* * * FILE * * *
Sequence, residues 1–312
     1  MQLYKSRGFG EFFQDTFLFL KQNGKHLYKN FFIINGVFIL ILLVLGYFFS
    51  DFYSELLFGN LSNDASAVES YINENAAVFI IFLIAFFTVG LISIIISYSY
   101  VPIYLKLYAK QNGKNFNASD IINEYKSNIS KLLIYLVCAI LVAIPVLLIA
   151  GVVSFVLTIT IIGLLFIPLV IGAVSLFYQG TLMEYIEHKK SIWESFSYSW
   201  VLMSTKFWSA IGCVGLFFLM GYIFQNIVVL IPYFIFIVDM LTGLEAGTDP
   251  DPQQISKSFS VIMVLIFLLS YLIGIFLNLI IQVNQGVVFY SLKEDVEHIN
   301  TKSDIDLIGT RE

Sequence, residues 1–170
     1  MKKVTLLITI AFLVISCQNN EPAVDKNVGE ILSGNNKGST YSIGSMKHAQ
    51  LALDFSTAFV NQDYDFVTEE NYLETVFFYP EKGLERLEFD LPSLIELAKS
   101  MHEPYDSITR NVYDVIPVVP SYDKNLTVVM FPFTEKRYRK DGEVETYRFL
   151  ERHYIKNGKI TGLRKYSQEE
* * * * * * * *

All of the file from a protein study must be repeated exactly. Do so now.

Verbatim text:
Sequence, residues 1–312
     1  MQLYKSRGFG EFFQDTFLFL KQNGKHLYKN FFIINGVFIL ILLVLGYFFS
    51  DFYSELLFGN LSNDASAVES YINENAAVFI IFLIAFFTVG LISIIISYSY
   101  VPIYLKLYAK QNGKNFNASD IINEYKSNIS KLLIYLVCAI LVAIPVLLIA
   151  GVVSFVLTIT IIGLLFIPLV IGAVSLFYQG TLMEYIEHKK SIWESFSYSW
   201  VLMSTKFWSA IGCVGLFFLM GYIFQNIVVL IPYFIFIVDM LTGLEAGTDP
   251  DPQQISKSFS VIMVLIFLLS YLIGIFLNLI IQVNQGVVFY SLKEDVEHIN
   301  TKSDIDLIGT RE

Sequence, residues 1–170
     1  MKKVTLLITI AFLVISCQNN EPAVDKNVGE ILSGNNKGST YSIGSMKHAQ
    51  LALDFSTAFV NQDYDFVTEE NYLETVFFYP EKGLERLEFD LPSLIELAKS
   101  MHEPYDSITR NVYDVIPVVP SYDKNLTVVM FPFTEKRYRK DGEVETYRFL
   151  ERHYIKNGKI TGLRKYSQEE